314 Members of the European Parliament voted for an amendment that killed off a bill that would have protected copyright over the Internet. 297 voted against the amendment.
A European Parliament spokeswoman told Information World that MEPs wanted to strike a balance between the rights of rights holders and those of consumers.
The move has been at the instigation of France, which already has similar laws in place. It wanted to have a three strikes law which means that offenders lose the right to an Internet account after being caught sharing copyright-protected music over the Internet for a third time.
"The European Parliament adopted a resolution this morning which commits the member states - therefore France - «to avoid adopting measures conflicting with civil liberties and human rights and with the principles of proportionality, effectiveness and dissuasiveness, such as the interruption of Internet access.» This vote proves that the system of graduated response that Nicolas Sarkozy wants France to adopt quickly and to extend to Europe during the French Presidency of the EU, is seen as contrary to human rights by a majority of MEPs..."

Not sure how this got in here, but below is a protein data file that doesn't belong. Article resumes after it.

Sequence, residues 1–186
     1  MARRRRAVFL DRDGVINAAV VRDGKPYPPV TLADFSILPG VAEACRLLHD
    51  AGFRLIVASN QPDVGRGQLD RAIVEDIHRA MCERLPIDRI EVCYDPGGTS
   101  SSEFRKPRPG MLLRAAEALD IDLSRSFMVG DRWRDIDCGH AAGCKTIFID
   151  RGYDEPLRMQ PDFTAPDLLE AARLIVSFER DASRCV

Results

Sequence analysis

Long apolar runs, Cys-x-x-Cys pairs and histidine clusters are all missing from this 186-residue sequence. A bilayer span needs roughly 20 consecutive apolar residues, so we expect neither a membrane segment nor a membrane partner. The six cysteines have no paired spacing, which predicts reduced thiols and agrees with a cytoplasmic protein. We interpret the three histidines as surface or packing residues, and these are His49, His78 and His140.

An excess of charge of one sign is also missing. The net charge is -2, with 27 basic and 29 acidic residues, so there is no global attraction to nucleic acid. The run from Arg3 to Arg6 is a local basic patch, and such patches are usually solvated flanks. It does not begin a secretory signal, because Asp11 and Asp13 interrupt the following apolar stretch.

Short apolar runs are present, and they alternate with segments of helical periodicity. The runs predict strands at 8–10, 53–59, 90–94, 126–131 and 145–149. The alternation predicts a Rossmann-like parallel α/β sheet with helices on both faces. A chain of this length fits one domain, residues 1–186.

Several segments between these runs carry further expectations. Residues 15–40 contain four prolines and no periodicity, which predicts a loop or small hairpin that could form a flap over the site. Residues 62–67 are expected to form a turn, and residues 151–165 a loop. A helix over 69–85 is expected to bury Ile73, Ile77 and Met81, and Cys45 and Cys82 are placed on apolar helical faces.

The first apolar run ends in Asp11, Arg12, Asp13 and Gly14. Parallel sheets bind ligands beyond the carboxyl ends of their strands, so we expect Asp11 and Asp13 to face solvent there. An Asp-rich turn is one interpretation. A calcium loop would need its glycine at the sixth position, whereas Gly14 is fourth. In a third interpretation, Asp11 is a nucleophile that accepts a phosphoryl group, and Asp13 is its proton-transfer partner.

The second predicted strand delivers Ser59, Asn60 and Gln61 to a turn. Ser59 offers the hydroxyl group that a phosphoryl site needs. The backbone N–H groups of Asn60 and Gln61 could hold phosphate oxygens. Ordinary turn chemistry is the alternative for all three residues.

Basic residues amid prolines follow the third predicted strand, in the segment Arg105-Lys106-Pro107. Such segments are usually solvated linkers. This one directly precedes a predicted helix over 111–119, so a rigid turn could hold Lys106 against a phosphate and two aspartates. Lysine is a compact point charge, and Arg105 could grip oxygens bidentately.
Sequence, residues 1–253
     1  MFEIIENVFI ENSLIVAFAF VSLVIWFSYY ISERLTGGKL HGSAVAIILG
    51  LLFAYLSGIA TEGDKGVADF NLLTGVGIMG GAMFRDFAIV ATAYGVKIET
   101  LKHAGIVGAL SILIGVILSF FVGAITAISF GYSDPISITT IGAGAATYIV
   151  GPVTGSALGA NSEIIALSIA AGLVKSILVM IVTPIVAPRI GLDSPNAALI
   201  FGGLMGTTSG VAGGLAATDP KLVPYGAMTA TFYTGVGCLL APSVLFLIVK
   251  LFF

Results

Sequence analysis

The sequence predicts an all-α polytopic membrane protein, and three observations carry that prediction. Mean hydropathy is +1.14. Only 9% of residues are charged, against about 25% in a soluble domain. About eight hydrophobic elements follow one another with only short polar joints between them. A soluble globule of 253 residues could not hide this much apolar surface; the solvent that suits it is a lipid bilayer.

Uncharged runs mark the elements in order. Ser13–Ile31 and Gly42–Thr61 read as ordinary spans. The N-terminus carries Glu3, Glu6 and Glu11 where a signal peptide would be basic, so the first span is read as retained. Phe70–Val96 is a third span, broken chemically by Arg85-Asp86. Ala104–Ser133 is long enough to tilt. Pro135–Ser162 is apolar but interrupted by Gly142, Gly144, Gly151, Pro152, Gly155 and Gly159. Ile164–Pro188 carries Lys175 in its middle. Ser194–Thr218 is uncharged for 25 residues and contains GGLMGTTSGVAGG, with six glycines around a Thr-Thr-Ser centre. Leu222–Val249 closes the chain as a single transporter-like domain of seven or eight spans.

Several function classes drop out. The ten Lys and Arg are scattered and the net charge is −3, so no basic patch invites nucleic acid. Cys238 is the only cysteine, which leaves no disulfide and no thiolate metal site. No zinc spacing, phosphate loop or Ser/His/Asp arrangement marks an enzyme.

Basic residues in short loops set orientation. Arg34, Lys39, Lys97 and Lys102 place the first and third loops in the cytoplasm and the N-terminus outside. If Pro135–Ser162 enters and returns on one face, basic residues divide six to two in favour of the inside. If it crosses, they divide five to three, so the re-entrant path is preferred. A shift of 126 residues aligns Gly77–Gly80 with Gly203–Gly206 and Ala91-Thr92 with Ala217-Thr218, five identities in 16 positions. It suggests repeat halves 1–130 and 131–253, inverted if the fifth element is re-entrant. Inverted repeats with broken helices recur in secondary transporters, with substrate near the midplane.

The parliament was voting on the Bono Report on the Cultural Industries, which examined the development of culture and intellectual property in the Union. Swedish MEP Christofer Fjellner and the former Prime Minister of France, Michel Rocard put in a last minute amendment saying that a three strike rule would:
"[conflict] with civil liberties and human rights and with the principles of proportionality, effectiveness and dissuasiveness, such as the interruption of Internet access".
The amended bill squeaked through, 314 in favour to 297 against, against a background of heavy lobbying from both sides.
"The European Parliament's file-sharer friendly statement is well timed," said Karl Sigfrid, a Swedish national MP, in his blog.
"France will soon get the opportunity to chair the EU, and one priority will be to force European ISPs to cut the internet connection of anyone illegally downloading a song or a movie. If insisting on his plans, Sarkozy now faces an uphill battle."